Contractor kept diary following Ferguson threats

Bobby Ferguson

A businesswoman at a firm allegedly strong-armed by Kwame Kilpatrick kept a diary detailing interactions she had with the mayor’s close friend, Bobby Ferguson and the contractor’s alleged threats.

Former Soave Enterprises executive Kathleen McCann said she kept the diary and urged co-workers to do likewise after Ferguson demanded a $1.5 million piece of a $50 million sewer deal in 2002.

Earlier testimony alleged Kilpatrick forced a Soave-related firm Inland Waters to dump its minority contractor and hire Ferguson.

McCann said Ferguson made threats and took credit for Inland receiving the sewer deal and getting the city to approve change orders that padded the contract’s value.

Amid the alleged threats, McCann started keeping a diary.

“We had some sense we would be telling the story and I thought it was important to have documentation,” McCann said.

McCann described an unpleasant working relationship with Ferguson.

In August 2004, a Water department official ordered Ferguson to stop working on the sewer project.

Ferguson’s work had fallen behind and was deficient, McCann said.

“We had to work with him in order to get that caught up,” she said. “And there were a number of circumstances in which billings were inappropriate — either they were in error or too high — and that needed to be corrected.”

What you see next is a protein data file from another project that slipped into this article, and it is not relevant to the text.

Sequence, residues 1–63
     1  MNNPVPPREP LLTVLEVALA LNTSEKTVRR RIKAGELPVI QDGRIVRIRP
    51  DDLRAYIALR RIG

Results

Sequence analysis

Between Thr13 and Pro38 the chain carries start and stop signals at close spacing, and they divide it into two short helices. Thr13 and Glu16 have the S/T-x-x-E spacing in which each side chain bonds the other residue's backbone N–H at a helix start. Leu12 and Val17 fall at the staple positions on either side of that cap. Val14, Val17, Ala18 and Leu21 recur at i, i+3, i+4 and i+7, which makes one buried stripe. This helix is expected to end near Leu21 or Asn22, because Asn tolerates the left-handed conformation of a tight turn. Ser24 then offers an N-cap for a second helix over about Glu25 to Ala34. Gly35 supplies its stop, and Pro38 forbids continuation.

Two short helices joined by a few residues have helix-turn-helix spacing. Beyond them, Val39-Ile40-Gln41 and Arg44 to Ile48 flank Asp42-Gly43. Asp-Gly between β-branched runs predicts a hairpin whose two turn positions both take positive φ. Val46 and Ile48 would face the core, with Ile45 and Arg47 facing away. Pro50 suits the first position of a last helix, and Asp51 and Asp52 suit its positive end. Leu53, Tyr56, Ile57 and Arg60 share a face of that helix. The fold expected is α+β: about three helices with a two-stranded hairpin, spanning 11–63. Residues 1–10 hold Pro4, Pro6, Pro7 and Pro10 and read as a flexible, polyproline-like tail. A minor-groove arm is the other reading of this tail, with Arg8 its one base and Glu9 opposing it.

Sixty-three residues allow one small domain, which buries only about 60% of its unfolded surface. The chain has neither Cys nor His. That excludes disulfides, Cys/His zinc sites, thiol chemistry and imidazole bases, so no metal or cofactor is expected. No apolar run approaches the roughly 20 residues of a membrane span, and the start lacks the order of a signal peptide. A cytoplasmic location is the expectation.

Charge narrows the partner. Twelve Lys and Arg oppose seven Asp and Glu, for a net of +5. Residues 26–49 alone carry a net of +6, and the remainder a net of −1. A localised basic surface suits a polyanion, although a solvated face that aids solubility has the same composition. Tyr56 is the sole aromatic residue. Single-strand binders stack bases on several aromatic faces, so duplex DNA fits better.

Kwame Kilpatrick and Bobby Ferguson outside federal court.

In all, Ferguson’s firm received $24.7 million in work on the sewer deal, according to prosecutors.

McCann was concerned Ferguson could hurt Soave’s ability to land and keep city deals if he was unhappy.

“We felt like we had a sword dangling over our heads,” McCann said.

After Kwame Kilpatrick won re-election, Ferguson aired a list of complaints, McCann said.

She documented the gripes in her diary.

“He felt he had been disrespected, not given appropriate credit for getting Inland its work,” she said. “He acted as if he had full power to keep Inland getting work or not getting work. It was going to be his decision whether he went forward with us.”

Robert Snell
Robert Snell is the Detroit News federal courts reporter. He can be reached at or (313) 222-2028.